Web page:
The United States today tried to remove concerns over conditions attached to its economic aid to Pakistan, stating that the Kerry-Lugar Bill has in built monitoring mechanism but does not impinge on Pakistan's sovereignty. The statement comes in the wake of uproar in Pakistan including its Army and the opposition parties who are opposing conditions imposed on Pakistan in lieu of the military aid, which is linked to its progress on action against terrorism.
"In terms of some of the requirements that we have for our assistance, of course, since we are stewards of US taxpayer funds, we have to build in certain consultation mechanisms, monitoring mechanisms. These are in no way intended to impinge on Pakistan's sovereignty," State Department spokesman, Ian Kelly, told media-persons in Washington. "I think a lot of the concerns have been because we are really ramping up our assistance programme. And of course there is a requirement for a certain infrastructure for our people out there. We want to modernise the embassy. We're expanding the number of personnel out there," Kelly said.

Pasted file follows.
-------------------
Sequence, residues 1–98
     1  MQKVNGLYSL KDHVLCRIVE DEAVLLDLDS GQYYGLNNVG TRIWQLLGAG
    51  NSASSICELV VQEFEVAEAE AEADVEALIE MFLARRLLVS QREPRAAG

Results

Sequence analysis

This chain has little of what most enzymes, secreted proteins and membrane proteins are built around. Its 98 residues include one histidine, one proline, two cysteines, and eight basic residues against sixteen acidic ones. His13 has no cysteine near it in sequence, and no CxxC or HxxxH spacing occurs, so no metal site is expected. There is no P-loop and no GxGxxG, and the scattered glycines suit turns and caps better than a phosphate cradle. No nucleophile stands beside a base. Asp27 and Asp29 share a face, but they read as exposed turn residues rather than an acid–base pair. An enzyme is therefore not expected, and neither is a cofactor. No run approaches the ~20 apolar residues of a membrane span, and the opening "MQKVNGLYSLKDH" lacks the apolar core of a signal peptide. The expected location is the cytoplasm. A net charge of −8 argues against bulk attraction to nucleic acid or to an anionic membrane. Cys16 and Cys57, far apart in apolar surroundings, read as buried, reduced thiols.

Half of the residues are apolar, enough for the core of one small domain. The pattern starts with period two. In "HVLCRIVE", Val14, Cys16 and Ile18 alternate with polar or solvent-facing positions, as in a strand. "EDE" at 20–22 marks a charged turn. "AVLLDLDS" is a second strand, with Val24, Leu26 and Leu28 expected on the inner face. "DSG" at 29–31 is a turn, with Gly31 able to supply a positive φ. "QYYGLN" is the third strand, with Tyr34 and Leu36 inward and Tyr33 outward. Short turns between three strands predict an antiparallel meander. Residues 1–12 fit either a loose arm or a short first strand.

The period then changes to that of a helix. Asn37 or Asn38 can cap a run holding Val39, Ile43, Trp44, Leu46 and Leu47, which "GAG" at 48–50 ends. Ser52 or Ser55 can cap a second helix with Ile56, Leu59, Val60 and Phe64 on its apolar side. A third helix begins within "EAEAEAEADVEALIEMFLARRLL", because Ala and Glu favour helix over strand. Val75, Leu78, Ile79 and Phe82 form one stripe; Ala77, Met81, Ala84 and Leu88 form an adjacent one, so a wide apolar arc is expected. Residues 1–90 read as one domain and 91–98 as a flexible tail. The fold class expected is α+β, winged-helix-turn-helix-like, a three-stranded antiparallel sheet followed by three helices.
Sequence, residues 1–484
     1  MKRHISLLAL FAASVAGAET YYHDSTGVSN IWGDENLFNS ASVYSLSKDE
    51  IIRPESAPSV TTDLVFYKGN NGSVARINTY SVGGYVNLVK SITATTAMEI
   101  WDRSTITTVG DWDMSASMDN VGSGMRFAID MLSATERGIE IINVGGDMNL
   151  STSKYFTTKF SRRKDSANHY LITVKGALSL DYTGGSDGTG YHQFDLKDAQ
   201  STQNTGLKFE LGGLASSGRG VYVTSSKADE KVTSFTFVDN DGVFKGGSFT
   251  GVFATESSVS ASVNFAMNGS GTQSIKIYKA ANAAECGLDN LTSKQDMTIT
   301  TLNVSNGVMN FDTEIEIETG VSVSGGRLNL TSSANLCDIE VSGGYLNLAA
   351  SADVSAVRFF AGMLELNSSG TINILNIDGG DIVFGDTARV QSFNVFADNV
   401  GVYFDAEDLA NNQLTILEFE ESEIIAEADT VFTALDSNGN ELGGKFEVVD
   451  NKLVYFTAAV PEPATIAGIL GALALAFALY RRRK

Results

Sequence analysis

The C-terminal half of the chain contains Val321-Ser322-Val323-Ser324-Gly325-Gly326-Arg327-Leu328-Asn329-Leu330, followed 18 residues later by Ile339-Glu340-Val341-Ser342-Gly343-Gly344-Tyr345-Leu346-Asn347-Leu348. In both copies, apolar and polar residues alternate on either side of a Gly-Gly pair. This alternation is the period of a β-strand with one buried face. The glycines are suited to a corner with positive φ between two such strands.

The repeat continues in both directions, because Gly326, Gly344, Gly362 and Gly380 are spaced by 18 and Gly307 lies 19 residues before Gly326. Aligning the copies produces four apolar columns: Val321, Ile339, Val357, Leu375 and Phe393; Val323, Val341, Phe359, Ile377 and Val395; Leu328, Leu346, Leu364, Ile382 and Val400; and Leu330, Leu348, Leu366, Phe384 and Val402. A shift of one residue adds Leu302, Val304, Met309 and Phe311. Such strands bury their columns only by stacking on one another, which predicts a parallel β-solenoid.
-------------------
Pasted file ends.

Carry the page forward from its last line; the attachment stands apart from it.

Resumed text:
Meanwhile, the White House said President Barack Obama will discuss the concerns expressed by certain quarters over the US economic aid Bill during the 'situation room meeting'. "The President would sign the Bill shortly," White House spokesman Robert Gibbs said. The administration is aware about the concerns being raised inside Pakistan on the issue. This will be discussed with other issues when the President hold his situation room meeting, Gibbs said.
Kelly denied reports that the military aid is a "payoff" to Pakistan for fight against terrorism. "We certainly don't see it as a payoff. We see it as a means for helping Pakistan meet this common threat to our two societies. The reason we say a partnership is because a modern and effective Pakistani military is in our interest as well as Pakistan's interest, and we want to help Pakistan build that kind of capacity or capability," Kelly said.